Kansas City PBS has a long tradition of producing programs that allow for the free exchange of ideas and the inclusion of diverse points of view.
During election years, we are committed to making citizens better informed about the choices they will make at the ballot box. While we seek to include the broadest possible range of ideas and issues, presenting every point of view may sometimes detract from our station’s overarching goal of providing useful and meaningful information to the public.
We recognize that money should not determine a candidate’s ability to communicate his or her message on television. We do, however, believe a candidate should demonstrate at least some level of public support to warrant inclusion in station-produced debates.
Therefore, we require a candidate to demonstrate that he or she has at least 7 percent public support in one independently conducted public opinion poll at least two weeks prior to the debate’s broadcast. We define “independent” as a poll not conducted by the candidate, his or her campaign, political party or any interest group that has a personal stake in the outcome of the election.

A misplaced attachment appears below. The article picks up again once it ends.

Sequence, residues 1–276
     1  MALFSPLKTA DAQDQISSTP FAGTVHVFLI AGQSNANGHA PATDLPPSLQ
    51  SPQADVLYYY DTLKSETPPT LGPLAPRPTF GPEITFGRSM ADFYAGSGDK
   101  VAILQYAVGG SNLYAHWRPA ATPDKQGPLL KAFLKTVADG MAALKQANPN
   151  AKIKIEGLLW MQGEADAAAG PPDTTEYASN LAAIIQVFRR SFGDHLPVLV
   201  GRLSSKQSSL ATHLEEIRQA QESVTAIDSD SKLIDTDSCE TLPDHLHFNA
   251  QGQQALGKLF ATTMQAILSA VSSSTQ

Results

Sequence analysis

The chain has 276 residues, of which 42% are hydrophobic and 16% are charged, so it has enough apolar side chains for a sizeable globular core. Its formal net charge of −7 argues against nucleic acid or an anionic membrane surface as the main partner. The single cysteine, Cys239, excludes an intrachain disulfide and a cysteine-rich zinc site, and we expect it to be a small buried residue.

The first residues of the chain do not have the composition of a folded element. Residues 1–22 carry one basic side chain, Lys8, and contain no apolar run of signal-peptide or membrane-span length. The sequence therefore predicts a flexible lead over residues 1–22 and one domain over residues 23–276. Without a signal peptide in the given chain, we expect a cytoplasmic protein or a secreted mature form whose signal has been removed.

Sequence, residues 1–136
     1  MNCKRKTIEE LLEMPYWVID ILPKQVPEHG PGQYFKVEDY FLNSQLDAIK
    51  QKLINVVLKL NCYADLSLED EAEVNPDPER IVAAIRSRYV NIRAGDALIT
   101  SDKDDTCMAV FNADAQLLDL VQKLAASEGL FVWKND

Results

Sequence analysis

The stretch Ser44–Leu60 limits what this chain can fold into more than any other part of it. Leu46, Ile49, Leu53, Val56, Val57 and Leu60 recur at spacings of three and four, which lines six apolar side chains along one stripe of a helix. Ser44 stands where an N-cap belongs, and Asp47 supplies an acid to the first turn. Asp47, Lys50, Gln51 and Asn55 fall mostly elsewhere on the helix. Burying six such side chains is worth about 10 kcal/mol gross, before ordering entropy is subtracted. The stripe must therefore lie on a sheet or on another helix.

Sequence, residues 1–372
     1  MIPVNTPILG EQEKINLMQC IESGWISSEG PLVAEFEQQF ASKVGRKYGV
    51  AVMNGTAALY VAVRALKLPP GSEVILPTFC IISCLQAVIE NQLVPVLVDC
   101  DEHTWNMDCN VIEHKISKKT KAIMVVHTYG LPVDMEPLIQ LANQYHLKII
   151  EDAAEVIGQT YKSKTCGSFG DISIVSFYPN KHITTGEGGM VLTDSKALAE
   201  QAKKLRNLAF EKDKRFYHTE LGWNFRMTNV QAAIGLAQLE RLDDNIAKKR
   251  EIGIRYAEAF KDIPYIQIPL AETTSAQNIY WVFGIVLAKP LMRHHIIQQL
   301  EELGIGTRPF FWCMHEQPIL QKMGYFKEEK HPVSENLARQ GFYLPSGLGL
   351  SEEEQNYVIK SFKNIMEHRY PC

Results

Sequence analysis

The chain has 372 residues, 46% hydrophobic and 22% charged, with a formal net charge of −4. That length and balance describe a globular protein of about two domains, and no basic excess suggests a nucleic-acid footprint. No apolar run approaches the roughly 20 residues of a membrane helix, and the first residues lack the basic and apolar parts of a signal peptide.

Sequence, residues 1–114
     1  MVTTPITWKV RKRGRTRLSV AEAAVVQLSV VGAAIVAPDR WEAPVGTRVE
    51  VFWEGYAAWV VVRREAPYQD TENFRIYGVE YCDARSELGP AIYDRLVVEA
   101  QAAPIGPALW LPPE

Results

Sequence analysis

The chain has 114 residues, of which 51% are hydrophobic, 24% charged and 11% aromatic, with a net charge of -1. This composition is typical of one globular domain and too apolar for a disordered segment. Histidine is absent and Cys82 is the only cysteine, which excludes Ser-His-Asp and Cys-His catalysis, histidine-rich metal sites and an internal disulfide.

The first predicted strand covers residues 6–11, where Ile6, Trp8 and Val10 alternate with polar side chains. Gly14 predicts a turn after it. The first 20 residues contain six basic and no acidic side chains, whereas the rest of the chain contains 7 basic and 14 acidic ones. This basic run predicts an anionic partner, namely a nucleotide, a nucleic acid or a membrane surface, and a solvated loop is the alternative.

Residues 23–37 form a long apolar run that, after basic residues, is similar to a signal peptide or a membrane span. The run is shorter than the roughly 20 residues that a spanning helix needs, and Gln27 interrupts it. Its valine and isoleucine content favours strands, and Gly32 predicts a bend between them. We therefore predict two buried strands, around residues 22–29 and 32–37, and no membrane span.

Our debate policy also requires that the candidate show evidence of an active campaign by meeting three of the five criteria specified below:
- File campaign finance report detailing contributions from 20 individuals unrelated to the candidate or candidate’s family
- Have a candidate website detailing biography and issues
- Have a minimum of 25 yard signs promoting candidacy in 25 different locations in areas that candidate would serve
- Demonstrate participation in other candidate forums, not just televised debates
- Demonstrate community engagement by hosting 12 campaign-related events, news conferences or neighborhood association meetings
If there is no polling in the race, the candidate will only be expected to meet three of the above criteria for inclusion in Kansas City PBS-organized debates.
Our position is guided by rulings of the Federal Communications Commission, the Federal Elections Commission and the federal courts. These rulings make it clear that a broadcaster has the editorial discretion to invite only some legally qualified candidates to participate in a candidate debate, so long as the decision is based on the broadcaster’s “good-faith news judgment” and on reasonable, pre-established objective criteria, such as independent polling data.
Our policy is far more lenient than the one adopted by the Presidential Debate Commission, which requires 15 percent support in five independent polls prior to a debate for a candidate’s inclusion.